Cloud Native / Containers / Kubernetes

Context: Kubernetes, OpenStack and How SAP Built its Own Containerized Platform

15 Sep 2016 11:23am, by

Last August, Markus Riedinger, a cloud architect for SAP, demonstrated how he and his team produced an automated, containerized, CI/CD-compatible OpenStack in their own enterprise.

In this episode of The New Stack Context, we look at the question of Kubernetes, OpenStack and the role that the enterprise has in using open source software to build their own infrastructure.

How SAP accomplished this was not by staging Kubernetes through an OpenStack component, or alternately, by cramming OpenStack into a container. Rather, the team re-architected the division of labor in OpenStack among multiple containers, as though it were created that way to begin with. It deliberately separated operations along the control and data planes to maintain that division. And it created redundancies along both planes as a way of accomplishing immutable operations.

“To clearly separate control and data,” Riedinger told attendees, “allows an independent, service-level objective for the data path compared to the control [path], which also implements independent processes and procedures to scale each of the aspects — the control and the data — separately, leading to extending and fixing and improving the existing model to operate the vendor gear. SAP is quite the classical organization … no self-developed hardware. And the existing operating model should be persisted, and just fixed and extended.”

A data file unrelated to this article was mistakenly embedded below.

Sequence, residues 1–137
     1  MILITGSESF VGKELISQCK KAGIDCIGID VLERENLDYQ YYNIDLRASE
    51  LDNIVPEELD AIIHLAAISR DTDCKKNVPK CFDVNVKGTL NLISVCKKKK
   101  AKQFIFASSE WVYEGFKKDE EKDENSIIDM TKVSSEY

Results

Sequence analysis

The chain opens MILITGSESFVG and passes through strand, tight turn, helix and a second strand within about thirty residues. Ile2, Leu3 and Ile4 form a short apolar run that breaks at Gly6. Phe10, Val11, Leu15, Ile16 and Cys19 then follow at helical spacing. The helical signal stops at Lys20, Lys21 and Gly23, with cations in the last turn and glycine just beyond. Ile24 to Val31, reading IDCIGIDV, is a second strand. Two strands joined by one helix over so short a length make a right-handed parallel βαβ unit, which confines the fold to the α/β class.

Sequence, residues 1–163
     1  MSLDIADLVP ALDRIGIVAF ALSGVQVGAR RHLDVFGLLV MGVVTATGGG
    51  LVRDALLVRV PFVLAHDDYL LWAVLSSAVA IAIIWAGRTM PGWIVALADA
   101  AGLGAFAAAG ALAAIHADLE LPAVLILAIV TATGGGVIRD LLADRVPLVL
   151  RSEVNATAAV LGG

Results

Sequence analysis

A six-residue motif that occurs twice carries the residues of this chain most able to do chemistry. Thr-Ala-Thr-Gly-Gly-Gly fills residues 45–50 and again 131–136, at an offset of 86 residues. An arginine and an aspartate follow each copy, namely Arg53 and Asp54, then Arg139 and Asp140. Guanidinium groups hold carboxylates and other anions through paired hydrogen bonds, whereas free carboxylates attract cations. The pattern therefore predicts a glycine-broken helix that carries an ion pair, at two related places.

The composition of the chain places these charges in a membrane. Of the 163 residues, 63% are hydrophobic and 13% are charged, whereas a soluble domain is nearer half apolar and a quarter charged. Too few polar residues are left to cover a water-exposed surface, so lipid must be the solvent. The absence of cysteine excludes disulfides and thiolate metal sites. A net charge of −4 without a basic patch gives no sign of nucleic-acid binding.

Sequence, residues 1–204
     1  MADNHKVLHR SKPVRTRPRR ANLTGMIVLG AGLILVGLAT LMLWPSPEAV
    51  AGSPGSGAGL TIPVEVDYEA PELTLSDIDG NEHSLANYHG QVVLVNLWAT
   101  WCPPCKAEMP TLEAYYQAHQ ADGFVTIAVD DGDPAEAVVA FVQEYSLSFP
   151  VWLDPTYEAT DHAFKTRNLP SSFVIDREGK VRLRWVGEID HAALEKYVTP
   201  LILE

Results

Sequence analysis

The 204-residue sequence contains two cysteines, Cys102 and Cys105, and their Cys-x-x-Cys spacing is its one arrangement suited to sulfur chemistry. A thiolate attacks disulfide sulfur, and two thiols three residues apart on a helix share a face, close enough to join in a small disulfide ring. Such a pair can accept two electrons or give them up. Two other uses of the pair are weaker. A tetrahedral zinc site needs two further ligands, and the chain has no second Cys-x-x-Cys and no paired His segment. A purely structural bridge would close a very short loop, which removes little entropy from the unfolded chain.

Very cleverly, Riedinger’s team leveraged the concept of decoupled services to untangle all the OpenStack components in the typical enterprise, along SDN-style lines of control and data. This way, it’s never a case of whether the service level of the application is being met by the underlying layer of infrastructure. Rather, it’s as if OpenStack were architected as an SDN system from the very beginning.

SAP’s project may not be the first to successfully containerize OpenStack, but it may well be one of the first to be migrated fully into production.

Feature image: “Red” by Leslie Hawley is licensed under CC BY-ND 2.0.

CoreOS, mentioned in the podcast, is a sponsor of The New Stack.

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